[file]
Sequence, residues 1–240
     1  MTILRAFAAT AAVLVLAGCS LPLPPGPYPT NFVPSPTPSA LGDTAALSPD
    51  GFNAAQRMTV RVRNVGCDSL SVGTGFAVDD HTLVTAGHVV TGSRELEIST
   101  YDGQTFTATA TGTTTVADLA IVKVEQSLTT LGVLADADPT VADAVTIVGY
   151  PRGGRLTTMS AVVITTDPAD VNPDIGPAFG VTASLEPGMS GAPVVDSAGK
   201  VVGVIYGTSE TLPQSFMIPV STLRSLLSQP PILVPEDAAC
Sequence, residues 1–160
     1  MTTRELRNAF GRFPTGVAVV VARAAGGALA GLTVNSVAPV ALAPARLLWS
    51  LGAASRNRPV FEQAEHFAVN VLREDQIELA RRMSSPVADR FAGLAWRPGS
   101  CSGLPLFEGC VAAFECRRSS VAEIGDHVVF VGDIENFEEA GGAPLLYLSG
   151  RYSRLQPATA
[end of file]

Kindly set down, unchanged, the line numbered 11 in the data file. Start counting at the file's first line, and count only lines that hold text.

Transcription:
   151  RYSRLQPATA